The ceremony will take place at 3:00, thirty minutes before UCLA tips off against Michigan State. Wooden, who was UCLA's coach for 27 years (1948 through 1975), led the Bruins to a record 10 NCAA National Championships, including seven in a row from 1967 to 1973. This season will mark the 40th anniversary of UCLA's first NCAA Championship in 1964.
Coach Wooden is 93 years old.
Over 70 former players, coaches and managers will be in attendance Saturday to watch UCLA honor Coach Wooden. Five players from his first UCLA team (1948-1949) and one student manager will attend. Each of Coach Wooden's 27 teams will have at least two members present, while the teams from 1962 and 1967 will have ten members each present.
Some of the former players and coaches who are attending include Kareem Abdul-Jabbar, Bill Walton, Keith Wilkes, Sidney Wicks, Marques Johnson, Walt Hazzard, Keith Erickson, Kenny Washington, Lucius Allen, Mike Warren, and Gary Cunningham.
The entire UCLA football team will be in attendance, along with the recruits that are taking their official visits.
Wooden and his wife Nell, who passed away in 1985, were married for 53 years. They were married shortly after Wooden's graduation from Purdue in 1932 and had two children, a son, James Hugh and a daughter, Nancy Anne. The Wooden family now consists of seven grandchildren and 11 great-grandchildren.
"Saturday, December 20th, will be remembered as one of the great days in the history of the UCLA Athletic Department," said UCLA Athletic Director Dan Guerrero. "It is appropriate that the dedication of ‘Nell and John Wooden Court' in Pauley Pavilion should coincide with the 40th anniversary of Coach Wooden's first NCAA Championship team. Nell and John could be considered the ‘first couple' of Bruin athletics and now they will forever be enshrined in the house that Coach Wooden made famous."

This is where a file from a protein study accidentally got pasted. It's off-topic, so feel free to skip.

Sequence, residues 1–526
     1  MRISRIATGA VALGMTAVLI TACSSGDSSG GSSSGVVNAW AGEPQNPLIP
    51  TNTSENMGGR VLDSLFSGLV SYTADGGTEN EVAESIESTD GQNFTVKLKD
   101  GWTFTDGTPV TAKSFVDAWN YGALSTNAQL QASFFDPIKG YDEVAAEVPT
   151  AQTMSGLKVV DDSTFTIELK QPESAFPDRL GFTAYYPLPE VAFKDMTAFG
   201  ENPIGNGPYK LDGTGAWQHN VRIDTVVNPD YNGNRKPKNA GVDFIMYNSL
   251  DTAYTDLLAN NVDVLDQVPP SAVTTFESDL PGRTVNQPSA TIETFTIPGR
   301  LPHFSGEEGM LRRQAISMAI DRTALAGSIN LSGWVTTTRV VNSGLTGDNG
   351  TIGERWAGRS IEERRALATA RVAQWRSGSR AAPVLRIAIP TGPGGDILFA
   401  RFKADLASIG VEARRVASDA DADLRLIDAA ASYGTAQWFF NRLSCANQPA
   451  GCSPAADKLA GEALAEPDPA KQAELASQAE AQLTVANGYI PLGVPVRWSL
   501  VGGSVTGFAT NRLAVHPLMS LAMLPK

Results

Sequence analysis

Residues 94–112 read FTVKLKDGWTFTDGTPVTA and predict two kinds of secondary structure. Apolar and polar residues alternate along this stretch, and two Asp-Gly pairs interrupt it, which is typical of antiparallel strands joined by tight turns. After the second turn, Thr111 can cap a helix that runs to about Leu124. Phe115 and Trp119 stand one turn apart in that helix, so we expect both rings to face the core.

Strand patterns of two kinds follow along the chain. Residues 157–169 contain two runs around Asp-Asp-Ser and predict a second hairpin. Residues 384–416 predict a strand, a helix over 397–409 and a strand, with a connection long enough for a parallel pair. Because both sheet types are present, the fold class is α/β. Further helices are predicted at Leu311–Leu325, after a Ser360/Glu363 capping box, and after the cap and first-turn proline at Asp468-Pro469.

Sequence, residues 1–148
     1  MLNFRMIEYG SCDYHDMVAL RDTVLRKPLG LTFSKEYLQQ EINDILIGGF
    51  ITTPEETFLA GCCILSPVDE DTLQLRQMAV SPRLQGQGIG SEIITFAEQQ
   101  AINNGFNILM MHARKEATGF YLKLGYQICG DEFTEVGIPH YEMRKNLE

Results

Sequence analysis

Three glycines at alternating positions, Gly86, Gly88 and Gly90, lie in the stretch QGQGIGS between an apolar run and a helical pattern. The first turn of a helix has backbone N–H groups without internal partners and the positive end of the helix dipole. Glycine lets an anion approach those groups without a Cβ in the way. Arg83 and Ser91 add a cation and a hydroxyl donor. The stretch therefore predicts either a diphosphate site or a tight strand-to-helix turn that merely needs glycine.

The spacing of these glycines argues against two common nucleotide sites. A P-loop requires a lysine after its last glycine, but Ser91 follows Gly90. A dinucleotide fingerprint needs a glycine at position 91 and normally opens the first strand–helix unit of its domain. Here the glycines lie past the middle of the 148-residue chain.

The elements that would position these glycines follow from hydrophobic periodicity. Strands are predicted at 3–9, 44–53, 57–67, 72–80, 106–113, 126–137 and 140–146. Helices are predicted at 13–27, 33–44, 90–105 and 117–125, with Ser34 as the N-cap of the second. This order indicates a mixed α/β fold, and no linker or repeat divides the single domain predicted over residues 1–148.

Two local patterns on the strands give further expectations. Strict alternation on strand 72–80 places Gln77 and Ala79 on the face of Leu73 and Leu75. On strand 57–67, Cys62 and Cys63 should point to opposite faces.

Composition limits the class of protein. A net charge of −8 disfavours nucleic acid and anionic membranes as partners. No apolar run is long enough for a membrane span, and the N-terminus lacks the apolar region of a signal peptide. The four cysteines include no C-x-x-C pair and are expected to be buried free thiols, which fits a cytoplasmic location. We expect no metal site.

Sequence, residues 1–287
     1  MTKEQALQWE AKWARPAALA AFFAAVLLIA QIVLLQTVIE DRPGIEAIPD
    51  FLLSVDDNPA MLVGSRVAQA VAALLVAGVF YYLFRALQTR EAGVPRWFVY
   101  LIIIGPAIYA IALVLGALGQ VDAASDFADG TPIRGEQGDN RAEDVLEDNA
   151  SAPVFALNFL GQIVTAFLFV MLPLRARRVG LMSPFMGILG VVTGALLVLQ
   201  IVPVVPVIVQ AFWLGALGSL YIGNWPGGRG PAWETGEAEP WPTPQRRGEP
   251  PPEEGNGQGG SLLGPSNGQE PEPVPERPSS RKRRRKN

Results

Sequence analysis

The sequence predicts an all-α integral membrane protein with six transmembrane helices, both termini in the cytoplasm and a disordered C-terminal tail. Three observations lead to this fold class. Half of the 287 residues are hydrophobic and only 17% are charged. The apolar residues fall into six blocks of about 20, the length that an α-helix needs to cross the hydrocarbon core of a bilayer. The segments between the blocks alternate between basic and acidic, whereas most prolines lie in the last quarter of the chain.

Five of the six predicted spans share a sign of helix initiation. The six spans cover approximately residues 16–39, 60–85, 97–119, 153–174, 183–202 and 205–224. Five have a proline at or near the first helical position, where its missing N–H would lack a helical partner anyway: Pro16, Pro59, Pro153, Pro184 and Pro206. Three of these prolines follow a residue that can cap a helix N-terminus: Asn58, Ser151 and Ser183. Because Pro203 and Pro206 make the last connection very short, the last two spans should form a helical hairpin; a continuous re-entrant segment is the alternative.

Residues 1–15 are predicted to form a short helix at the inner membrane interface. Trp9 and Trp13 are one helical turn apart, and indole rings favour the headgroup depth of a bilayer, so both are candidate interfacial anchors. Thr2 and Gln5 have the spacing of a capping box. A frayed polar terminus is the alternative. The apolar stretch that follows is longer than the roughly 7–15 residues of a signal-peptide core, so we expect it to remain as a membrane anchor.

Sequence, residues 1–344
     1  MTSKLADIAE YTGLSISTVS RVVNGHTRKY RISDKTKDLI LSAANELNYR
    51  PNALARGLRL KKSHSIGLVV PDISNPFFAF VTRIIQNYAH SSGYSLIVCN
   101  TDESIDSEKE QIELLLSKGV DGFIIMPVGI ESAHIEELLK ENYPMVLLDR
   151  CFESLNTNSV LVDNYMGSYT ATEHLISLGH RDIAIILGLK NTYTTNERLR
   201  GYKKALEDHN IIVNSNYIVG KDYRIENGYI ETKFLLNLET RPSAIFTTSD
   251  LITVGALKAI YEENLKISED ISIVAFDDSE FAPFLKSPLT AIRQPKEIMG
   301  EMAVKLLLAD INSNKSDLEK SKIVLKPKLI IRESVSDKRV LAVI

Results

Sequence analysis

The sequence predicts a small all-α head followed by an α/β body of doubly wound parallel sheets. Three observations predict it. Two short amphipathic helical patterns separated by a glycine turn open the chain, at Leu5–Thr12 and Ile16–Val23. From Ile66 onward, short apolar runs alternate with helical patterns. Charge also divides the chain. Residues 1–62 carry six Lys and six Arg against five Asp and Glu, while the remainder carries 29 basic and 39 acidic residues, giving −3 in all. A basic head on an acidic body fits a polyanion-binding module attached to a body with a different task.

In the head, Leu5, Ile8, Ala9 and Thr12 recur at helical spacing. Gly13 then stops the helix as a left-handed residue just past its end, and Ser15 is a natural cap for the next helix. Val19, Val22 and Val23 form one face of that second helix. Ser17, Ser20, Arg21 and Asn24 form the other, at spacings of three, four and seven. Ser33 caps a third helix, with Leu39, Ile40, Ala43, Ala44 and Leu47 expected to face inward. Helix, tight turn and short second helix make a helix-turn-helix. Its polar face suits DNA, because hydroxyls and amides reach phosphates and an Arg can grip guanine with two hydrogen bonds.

During his 27-year coaching career at UCLA, Coach Wooden led the Bruins to an overall record of 620-147 (80.8%), including an NCAA record 88-game winning streak and 38 consecutive NCAA Tournament victories. He led the Bruins to four unbeaten seasons (1964, 1967, 1972, 1973), 19 conference championships and a Pauley Pavilion record of 149-2. He's the first person to be inducted into the Basketball Hall of Fame as both a player and coach.
"Coach Wooden is the greatest coach in the history of the game," said Bruin head coach Ben Howland. "It's appropriate that the floor of Pauley Pavilion – where the tradition of the best in all of college basketball was started by Coach Wooden and all his greatest players – should be named after Nell and John."
Coach Wooden said: "Although I deeply appreciate the sentiment of having the basketball floor in Pauley Pavilion named after me and my dear Nellie, I will always be grateftul to Edwin Pauley, who provided the impetus for making a dream become a reality (the construction of Pauley Pavilion) and for the many young men who were under my supervision before and after Pauley Pavilion. Thank you so much to everyone involved."
"The Wizard of Westwood" was born in Martinsville, Indiana, on October 14, 1910, and was always a champion. He attended Martinsville High where he won All-State honors in basketball for three years, leading his team to the State title in 1927 and the runner-up spot in 1926 and 1928.
At Purdue, he won letters in basketball and baseball as a freshman, then went on to win All-American honors as a basketball guard in 1930-31-32. He captained Purdue's great teams in 1931 and 1932, winning two Big Ten titles and the 1932 National Collegiate Championship.
As an English major, he was awarded the Big Ten Conference medal for outstanding merit and proficiency in scholarship and athletics for 1932.
Wooden then began his teaching career at Dayton High School in Kentucky , where he coached all sports. Two years later, he returned to Indiana, to coach basketball, baseball and tennis at South Bend Central High School, while also teaching English for nine years.
World War II interrupted Wooden's coaching career, as he served from 1943 to 1946 in the U.S. Navy with rank of full lieutenant. Following his discharge in 1946, he became the athletic director at Indiana State University, as well its basketball and baseball coach, before he was named the UCLA head basketball coach two years later.
He came to UCLA on something of a fluke. The University of Minnesota wanted to hire Wooden as its head basketball coach, a job he would have taken. But because of a snow storm, Minnesota officials couldn't contact Wooden by phone. In the meantime, Wooden had accepted the UCLA head coaching job, and wouldn't go back on his commitment to UCLA.
John Wooden, a national treasure, was award the Presidential Medal of Freedom last summer.